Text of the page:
Mahogany in color with reddish glints. Sweet aromas of ripe fruit are laced with citric and herbal notes over a smoky wood background.
On the palate it is velvety, flavorful and balanced. Bitter finish delicately accompanied by a distinctive nutty aftertaste.
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Fortified wines are a category that have had distilled spirits added to them during the winemaking process. These include popular dessert wines such as vermouth, sherry, and port.
Our advice is always "drink it when you want to," but typically PX (Pedro Ximenez) sherry is enjoyed with dessert while oloroso, amontillado, and palo cortado can be served with main dishes.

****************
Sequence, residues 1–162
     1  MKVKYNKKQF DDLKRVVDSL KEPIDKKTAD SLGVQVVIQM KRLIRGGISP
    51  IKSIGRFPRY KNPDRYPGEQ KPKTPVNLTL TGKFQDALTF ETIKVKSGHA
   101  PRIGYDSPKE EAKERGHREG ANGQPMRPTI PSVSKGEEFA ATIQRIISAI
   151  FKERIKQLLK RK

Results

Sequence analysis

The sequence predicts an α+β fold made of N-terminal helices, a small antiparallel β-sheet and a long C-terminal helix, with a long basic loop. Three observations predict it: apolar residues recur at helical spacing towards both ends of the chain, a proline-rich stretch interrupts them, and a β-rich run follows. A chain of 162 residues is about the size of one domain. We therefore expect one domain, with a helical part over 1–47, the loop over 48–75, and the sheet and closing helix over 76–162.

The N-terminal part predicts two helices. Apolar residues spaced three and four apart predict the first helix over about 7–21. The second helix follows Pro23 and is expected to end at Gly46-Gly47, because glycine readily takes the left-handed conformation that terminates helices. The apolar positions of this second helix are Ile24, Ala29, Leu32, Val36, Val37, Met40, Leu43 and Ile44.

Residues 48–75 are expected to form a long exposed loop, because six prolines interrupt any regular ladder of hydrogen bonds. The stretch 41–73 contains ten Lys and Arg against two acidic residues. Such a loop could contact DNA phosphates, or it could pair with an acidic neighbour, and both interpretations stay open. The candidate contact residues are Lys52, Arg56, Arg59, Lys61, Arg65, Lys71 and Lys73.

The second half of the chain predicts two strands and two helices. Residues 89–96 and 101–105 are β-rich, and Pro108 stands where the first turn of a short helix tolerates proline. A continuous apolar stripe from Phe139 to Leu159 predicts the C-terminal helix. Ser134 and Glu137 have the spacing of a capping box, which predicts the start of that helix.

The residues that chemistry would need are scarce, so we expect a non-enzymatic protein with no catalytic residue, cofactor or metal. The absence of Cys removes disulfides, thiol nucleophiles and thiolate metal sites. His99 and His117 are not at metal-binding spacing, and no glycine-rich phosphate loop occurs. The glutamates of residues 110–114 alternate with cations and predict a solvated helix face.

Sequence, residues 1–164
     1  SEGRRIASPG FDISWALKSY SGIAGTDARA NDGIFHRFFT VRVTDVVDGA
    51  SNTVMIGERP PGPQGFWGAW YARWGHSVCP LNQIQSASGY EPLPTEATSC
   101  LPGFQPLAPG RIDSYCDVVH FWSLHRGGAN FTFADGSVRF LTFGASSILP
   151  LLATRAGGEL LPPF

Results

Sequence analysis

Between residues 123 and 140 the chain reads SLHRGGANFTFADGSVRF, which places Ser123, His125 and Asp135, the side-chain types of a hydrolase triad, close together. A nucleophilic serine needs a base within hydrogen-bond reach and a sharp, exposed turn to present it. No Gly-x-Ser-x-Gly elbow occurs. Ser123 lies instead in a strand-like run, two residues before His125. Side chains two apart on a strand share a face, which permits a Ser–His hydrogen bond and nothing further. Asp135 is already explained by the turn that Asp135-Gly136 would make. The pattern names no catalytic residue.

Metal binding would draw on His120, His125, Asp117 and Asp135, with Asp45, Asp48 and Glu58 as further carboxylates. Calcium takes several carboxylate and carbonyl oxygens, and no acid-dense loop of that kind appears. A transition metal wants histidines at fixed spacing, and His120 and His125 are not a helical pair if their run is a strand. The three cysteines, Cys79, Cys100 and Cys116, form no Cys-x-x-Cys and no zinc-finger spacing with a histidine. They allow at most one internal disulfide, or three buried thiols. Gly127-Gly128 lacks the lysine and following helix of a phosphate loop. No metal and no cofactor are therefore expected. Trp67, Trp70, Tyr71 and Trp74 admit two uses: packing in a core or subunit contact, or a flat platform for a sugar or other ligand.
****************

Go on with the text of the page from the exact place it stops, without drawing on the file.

There are five basic types of fortified wine: sherry, port, vermouth, Madeira, and Marsala. Technically, however, any wine that has had neutral spirits added to it can be classified as a fortified wine.
Standard wine is produced from grapes through fermentation in a standard winemaking process, while fortified wines have had distilled spirits added to them either during winemaking or to the finished product. Fortified wines typically have a higher alcohol content than their unfortified counterparts.
It varies by the wine, but most dessert fortified wines fall into the 15-24% ABV range, while unfortified wines have a typical average ABV of 11-16%.